• jeremypmyers says:

      Hi, Judy. Hans and I have talked at length about this. There seems to be something about the combination of the words – “Youth”, “Family” and “Ministry” – that makes some students think what we are doing is parochial. But eliminating any one of these words eliminates a crucial aspect of what we do. I just don’t think “Work with Youth in Faith Communities” fully describes what we do either. Is the problem with the name or have these words simply been stripped of their depth? Thanks for your comments. It is helpful to gets others’ perspectives on this.

  4. Jed says:

    I believe its a really great Idea, but it is less a need for re-branding because honestly that reminds me of an old Adventures in Odyssey episode where a con man was going around and just renaming and giving “excitement” to an old idea. What we truly need to see is a return to what youth ministry and in a greater sense what pastoral ministry is about and that is equipping the called of Christ to go out into the world and change it for him. We need to get out of this “I’m here to babysit mentality” and back to telling the hard truths….we need to get away from numbers and shoot for depth. That is not to say that we should abandon joy or fun but that we as ministers and more so even Christians as parents should look at a youth meeting not as a place to store there kids for an hour or two while they go to church but as a armory where we are equipping there children for the battle that is to come.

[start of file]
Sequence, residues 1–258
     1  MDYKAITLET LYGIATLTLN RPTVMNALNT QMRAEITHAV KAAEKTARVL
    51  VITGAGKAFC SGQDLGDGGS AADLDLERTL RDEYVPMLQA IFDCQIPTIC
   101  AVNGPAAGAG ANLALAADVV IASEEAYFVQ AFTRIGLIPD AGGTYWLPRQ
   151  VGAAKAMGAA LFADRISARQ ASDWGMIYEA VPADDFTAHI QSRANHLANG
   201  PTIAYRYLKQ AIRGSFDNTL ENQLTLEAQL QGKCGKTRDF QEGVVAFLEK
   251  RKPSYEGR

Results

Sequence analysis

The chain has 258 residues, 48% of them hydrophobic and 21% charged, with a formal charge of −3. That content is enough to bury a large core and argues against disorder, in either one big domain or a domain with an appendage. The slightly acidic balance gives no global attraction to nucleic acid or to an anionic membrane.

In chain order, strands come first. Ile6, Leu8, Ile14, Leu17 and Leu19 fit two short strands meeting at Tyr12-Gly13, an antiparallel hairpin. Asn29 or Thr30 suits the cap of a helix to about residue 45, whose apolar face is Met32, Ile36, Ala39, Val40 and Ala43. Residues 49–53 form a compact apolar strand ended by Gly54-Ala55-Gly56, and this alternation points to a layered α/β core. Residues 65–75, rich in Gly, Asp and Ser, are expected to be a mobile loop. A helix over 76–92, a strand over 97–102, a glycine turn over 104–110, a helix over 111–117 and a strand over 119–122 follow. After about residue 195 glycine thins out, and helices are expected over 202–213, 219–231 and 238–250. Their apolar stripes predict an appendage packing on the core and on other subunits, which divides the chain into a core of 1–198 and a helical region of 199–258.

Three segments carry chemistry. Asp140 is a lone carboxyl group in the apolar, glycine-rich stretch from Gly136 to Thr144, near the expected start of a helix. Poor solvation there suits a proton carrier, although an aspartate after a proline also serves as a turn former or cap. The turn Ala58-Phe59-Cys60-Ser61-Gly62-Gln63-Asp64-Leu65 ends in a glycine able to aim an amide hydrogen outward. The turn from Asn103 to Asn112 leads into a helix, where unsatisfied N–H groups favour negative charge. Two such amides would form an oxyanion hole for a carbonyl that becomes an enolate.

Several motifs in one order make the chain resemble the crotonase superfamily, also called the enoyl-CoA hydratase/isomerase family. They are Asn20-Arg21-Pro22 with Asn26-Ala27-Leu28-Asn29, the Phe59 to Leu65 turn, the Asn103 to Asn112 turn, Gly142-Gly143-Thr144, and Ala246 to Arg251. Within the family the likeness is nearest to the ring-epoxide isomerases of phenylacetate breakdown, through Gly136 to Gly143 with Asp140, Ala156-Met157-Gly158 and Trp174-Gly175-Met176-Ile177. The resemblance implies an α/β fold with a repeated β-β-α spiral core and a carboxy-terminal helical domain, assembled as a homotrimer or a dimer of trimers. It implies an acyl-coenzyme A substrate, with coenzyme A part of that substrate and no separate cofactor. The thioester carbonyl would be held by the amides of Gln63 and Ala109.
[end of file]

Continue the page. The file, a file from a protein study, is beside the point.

This really is about going back to the “retro” brand of Christian where it was not solely the pastors job to lead people to Christ but the job of every christian person to take what they had been equipped with on Sunday and going out and using that for the war of life. We need what Paul called for in 1 Cor 3, to get off the milk and start eating meat like men. The bible and christian ministry is not in need of re-branding…it is in need of return to its true form.

    • jeremypmyers says:

      Thanks for your comment, Jed. I agree, youth ministers do not want to babysit nor do they want to be thought of as babysitters. I think youth want to be taken more seriously than we’ve taken them and I think young youth workers (youth pastors) want to be taken more seriously than we’ve taken them. Maybe you’re right. Maybe the “re”branding that needs to take place is a “retro”branding; a return to a less programmatic, less institutionalized approach to ministry with youth. But how would you describe that?